By Dr. Susan K. Smith,
As the nation and world mourn the passing of Aretha Franklin, the General Secretary of the Samuel DeWitt Proctor Conference, Inc. (SDPC), an organization which represents over 1,000 African American churches across the country, said today that the singer’s presence and work for social justice need to be remembered and taught to young people who know little about her other than her role as a singer.
“An important part of the work the SDPC does centers around emphasizing the importance of sacred memory,” said Dr. Iva Carruthers. “SDPC has been engaged in following the Biblical directive to tell our history to our children, to “write it as frontlets between their eyes” as written in the Book of Deuteronomy in the Hebrew Bible.”
As the elders of Israel were commanded by God to “tell their story,” “SDPC believes in the power of remembering the work and sacrifices of African Americans who have gone on,” Carruthers said. “Knowing who we are and what we have overcome strengthens the young people who too often get lost in the Euro-centric definition of culture and history. Our history is too rich to allow it to be ignored.”
As some have noted, Aretha Franklin, who grew up in the church, never left the church, but she also never forgot the work her father and others did to secure the civil and human rights for African Americans. As a young girl, she watched her father, the late Rev. C. L. Franklin, a prominent Baptist minister in Detroit, work tirelessly in the movement.
Tapped by the Rev. Dr. Martin Luther King Jr. to help raise money for the movement, Rev. Franklin organized the 1963 Walk to Freedom in Detroit, which was the largest civil rights campaign until the March on Washington some months later. In the organizing work that her father did, Aretha was there, often being asked by Dr. King to sing at mass meetings. Although she said in a recent interview that she was “not on the front lines” of the movement, she was immersed in and committed to the work of the movement.
Her involvement pricked her sense of righteous indignation. Part of the impetus behind her singing Otis Redding’s song “RESPECT” was her belief that all human beings deserved respect. While that song became almost an anthem of the civil rights movement, Aretha’s belief in the rights of all extended to anyone who was being oppressed, including women.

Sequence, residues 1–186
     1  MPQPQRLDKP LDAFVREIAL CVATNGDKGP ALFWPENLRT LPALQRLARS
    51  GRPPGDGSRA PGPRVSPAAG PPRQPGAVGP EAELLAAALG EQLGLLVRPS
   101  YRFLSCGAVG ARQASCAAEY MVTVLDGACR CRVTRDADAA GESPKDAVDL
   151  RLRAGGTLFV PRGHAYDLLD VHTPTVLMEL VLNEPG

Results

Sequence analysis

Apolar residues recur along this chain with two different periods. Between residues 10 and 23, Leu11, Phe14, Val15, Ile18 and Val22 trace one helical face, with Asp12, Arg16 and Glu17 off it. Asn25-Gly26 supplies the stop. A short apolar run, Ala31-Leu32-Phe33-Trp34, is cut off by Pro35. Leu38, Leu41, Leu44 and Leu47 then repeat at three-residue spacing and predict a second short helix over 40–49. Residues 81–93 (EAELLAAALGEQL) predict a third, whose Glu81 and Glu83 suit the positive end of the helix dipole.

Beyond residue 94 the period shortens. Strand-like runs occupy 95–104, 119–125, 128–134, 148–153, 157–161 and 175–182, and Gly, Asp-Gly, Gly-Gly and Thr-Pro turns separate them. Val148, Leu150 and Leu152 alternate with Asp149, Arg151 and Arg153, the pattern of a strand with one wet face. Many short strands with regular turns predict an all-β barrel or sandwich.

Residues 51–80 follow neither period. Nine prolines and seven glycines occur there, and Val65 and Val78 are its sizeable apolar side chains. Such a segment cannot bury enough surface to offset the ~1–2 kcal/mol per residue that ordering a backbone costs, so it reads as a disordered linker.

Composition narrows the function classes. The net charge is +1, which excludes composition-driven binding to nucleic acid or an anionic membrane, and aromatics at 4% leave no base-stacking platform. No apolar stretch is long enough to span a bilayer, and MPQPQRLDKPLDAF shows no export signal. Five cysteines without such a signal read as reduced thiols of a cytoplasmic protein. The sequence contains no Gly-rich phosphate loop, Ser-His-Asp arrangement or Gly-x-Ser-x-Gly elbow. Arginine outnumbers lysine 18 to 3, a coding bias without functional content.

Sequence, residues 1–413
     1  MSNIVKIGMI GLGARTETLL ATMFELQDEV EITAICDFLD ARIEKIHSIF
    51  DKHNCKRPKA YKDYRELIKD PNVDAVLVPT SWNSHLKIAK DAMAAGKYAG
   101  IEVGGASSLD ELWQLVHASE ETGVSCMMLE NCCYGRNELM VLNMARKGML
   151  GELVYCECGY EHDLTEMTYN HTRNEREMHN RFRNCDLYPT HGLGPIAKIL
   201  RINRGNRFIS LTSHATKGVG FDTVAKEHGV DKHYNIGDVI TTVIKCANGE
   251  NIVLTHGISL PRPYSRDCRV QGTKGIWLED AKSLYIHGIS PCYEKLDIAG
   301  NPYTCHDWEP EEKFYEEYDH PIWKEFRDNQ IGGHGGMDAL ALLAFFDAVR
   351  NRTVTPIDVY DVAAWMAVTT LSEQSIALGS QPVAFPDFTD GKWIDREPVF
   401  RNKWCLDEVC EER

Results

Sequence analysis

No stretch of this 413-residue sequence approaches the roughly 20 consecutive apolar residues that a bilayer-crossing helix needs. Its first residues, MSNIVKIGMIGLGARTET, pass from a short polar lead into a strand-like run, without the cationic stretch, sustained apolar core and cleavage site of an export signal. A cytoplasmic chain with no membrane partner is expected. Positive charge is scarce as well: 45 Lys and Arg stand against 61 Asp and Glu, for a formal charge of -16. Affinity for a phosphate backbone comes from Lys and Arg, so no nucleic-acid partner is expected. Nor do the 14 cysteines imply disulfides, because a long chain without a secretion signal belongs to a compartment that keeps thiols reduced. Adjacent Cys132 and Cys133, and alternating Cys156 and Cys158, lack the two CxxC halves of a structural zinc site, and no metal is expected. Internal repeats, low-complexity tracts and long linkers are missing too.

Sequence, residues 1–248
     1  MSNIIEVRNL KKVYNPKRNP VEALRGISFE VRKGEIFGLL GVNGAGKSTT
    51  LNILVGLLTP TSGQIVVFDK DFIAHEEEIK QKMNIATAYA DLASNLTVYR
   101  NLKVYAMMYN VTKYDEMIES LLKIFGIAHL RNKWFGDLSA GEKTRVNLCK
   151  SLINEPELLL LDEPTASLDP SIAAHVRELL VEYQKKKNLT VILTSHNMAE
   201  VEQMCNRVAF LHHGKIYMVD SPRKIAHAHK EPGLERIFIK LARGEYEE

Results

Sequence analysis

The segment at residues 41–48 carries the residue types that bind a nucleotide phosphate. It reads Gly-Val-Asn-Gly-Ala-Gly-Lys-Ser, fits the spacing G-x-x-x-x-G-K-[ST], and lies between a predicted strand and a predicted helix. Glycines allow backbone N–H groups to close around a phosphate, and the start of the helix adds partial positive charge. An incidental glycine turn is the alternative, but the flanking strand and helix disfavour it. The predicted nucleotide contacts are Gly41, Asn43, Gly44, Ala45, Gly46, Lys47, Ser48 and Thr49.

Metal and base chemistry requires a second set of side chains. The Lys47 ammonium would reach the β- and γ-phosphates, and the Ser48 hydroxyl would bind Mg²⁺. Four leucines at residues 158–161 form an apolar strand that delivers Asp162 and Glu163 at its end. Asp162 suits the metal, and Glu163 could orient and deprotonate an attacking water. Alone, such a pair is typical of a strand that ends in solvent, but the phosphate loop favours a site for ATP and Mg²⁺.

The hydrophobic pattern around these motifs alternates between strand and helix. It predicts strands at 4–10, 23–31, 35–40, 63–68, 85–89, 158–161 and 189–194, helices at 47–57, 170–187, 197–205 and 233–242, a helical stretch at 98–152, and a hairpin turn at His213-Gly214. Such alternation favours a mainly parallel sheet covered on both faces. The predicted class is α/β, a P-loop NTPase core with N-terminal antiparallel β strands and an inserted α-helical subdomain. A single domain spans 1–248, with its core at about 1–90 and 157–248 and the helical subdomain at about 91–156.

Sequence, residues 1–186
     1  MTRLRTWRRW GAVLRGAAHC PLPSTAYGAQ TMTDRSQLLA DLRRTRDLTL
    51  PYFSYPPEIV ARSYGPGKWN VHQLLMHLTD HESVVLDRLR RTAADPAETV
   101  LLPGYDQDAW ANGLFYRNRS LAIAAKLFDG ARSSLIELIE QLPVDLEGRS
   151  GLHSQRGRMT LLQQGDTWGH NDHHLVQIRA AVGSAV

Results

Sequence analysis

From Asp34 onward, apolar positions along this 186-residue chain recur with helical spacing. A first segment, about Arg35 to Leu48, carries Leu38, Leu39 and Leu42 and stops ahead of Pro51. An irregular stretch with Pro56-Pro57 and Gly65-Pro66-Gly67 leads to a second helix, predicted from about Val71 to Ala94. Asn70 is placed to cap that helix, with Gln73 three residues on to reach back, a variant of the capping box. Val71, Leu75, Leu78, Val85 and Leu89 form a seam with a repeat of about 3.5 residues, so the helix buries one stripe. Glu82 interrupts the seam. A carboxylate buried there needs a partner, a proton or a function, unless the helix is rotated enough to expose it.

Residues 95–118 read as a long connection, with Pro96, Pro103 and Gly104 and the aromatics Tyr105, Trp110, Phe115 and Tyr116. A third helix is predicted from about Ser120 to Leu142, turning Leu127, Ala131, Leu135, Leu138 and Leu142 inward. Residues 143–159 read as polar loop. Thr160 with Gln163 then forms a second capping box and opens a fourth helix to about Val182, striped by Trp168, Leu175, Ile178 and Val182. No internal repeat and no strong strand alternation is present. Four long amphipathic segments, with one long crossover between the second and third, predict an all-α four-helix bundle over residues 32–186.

When Angela Davis was arrested and jailed on false charges of kidnapping and murder in 1970, Aretha stepped forward and offered to pay her bond “whatever the cost.” And, as her star rose, and she was offered lucrative record deals, she made sure that her contracts indicated that she would not sing before segregated audiences.
She sang at the funerals of Dr. King and of Rosa Parks, and also at the inauguration of Presidents Carter, Clinton and Obama. Republican President George W. Bush awarded her the Presidential Medal of Freedom in 2005.
“We need to tell the stories of our ancestors,” said Carruthers. “Knowing Aretha merely as a singer – as great as she was – is not enough. Our children need to know that our ancestors did not ignore their commitment to bringing justice into a world where there is so much injustice. Her work as a civil rights worker was just as exciting and important as was her voice. We tell the stories of the ancestors so that the young people behind us know that it takes all of us with our various gifts to right the wrongs of this world.”
The telling of the stories, Carruthers continued, also lets the young people coming along know that the work of justice is ongoing. “It doesn’t stop,” she said. “Oppression never stops just because we want it to. All of us have to fight and be committed, as Dr. King said, ‘to stay in the struggle until the end.”
The story of Aretha’s work for civil rights will be included in the resources being created for SDPC’s work in lifting sacred memory. “Her story is too broad and too important for it not to be more widely known,” she said.